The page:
The modeling industry seems like it lends itself to this in a big way. You've got young women, detached from their parents, flying far away. Is this industry prone to this kind of thing and what are they doing about it?
It depends on what the legal framework requires. If we're talking about the United States, state-by-state they may have their own legal requirements to ensure that there is no labor exploitation and trafficking of models in the industry. If the models are being taken from country to country, then it depends on that particular modeling agency and whether they are beholden to particular country guidelines as you're moving from Paris to Milan and so on.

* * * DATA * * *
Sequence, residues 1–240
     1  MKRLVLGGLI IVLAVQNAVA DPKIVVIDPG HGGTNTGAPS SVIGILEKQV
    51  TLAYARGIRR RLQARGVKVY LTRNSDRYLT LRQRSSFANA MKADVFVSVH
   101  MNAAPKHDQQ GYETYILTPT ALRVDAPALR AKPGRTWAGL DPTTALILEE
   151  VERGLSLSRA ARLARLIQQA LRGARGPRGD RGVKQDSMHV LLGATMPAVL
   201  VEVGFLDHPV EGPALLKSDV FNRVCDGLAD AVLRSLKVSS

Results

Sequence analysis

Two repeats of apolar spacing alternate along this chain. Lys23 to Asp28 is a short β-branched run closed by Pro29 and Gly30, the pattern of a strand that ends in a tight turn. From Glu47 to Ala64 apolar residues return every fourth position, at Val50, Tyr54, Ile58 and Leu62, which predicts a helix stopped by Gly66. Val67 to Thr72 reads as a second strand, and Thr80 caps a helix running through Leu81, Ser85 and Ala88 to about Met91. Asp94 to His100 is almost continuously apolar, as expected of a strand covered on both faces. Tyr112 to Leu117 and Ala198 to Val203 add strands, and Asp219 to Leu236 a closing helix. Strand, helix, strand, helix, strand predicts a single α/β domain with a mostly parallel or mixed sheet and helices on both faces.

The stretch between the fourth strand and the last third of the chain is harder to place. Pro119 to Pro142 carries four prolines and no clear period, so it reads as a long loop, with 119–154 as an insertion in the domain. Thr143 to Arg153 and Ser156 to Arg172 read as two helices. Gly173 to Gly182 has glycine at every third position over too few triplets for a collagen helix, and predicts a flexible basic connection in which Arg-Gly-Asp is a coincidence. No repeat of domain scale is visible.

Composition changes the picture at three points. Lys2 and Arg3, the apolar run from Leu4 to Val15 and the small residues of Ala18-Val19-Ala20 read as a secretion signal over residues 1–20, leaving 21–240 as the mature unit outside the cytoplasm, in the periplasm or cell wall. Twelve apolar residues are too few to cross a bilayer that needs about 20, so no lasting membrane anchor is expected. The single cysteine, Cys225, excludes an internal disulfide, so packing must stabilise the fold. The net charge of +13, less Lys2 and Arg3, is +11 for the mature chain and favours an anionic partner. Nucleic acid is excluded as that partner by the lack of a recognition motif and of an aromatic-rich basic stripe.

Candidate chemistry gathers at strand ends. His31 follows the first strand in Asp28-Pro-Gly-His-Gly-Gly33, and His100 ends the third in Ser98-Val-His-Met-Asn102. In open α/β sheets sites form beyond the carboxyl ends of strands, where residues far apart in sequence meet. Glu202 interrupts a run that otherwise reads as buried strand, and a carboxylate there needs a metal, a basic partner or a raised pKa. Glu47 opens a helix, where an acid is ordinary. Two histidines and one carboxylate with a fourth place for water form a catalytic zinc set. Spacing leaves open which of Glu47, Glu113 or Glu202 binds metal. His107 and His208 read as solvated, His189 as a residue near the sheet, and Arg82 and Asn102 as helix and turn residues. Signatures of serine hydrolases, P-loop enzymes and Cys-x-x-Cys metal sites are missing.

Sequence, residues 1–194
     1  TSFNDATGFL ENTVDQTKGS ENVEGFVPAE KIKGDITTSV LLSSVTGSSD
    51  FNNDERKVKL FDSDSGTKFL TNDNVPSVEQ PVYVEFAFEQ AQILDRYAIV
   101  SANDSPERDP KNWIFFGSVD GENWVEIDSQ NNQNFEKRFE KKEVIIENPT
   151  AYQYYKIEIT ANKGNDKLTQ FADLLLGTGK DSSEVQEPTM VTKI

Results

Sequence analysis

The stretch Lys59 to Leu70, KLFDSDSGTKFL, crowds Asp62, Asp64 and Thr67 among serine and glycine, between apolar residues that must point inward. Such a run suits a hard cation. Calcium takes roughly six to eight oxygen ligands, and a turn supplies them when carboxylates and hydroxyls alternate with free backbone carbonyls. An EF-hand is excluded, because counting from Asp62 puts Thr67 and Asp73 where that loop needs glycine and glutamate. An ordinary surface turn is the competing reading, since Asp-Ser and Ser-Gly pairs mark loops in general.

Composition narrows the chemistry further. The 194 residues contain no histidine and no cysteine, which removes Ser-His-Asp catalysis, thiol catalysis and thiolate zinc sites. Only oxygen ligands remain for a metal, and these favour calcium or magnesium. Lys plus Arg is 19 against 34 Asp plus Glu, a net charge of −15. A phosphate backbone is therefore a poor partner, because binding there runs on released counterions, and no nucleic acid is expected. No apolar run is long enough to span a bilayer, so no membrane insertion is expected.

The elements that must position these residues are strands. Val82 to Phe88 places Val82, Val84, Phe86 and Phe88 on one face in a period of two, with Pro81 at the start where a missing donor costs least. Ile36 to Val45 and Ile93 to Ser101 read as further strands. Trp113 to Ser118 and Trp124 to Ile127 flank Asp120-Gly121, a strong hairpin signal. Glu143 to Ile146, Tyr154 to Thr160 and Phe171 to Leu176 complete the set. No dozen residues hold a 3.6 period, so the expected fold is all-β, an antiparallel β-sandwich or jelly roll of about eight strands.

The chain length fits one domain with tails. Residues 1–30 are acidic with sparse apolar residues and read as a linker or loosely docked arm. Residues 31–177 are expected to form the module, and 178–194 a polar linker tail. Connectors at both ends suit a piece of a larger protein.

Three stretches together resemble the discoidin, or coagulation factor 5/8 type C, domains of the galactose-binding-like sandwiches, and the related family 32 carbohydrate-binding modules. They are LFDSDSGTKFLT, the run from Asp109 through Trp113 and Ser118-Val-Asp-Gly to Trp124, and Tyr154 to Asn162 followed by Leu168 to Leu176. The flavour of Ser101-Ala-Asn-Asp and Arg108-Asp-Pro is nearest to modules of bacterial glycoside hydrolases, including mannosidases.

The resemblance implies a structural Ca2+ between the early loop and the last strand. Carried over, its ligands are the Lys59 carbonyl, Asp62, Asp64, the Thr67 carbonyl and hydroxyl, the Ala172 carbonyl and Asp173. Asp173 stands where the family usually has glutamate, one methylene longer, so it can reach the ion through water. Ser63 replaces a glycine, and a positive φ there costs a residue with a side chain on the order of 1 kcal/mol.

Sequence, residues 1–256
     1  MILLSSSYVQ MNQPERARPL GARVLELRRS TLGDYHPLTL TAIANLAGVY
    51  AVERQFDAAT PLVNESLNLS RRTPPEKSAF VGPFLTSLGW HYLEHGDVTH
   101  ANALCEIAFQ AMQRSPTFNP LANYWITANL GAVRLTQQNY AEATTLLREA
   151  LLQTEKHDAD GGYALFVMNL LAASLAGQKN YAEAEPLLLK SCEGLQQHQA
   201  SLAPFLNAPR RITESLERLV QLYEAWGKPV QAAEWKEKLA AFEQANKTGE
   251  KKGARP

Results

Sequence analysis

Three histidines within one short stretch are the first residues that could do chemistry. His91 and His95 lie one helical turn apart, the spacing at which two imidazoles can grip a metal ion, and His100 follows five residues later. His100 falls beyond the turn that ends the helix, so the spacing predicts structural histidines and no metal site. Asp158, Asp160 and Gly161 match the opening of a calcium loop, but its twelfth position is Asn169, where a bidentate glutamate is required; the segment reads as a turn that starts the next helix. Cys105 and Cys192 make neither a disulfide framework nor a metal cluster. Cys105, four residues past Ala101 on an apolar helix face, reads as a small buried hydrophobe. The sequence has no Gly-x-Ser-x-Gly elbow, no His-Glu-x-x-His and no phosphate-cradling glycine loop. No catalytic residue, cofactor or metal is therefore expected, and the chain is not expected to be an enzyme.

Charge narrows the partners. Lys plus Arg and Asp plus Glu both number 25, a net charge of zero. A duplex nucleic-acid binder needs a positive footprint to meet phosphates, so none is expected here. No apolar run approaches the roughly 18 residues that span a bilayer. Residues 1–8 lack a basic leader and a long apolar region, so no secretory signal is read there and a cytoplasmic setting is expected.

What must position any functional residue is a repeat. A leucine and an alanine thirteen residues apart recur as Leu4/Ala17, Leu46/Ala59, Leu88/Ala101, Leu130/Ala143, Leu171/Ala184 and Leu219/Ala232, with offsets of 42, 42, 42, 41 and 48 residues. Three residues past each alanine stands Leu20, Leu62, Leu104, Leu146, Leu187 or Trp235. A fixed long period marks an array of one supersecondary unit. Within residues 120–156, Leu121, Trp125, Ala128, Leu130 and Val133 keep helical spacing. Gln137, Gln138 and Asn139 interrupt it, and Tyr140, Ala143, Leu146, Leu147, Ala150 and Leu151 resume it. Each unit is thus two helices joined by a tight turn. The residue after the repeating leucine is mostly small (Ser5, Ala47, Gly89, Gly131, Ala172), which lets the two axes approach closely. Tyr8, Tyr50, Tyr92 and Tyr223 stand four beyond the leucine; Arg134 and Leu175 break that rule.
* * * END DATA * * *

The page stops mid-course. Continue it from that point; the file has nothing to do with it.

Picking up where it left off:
But within the fashion industry overall, we've seen trafficking and we've seen exploitation. We see it in the apparel industry, with the making of garments. We see it in modeling. We see it in the picking of cotton, to the creation of the thread and the silk, to sewing the T-shirts. And so, the more people you have involved, the more opaque it becomes to see who is doing what, who is responsible for what and where does the ultimate liability lie.
This interview has been condensed and edited for clarity. Reuters contributed to this report.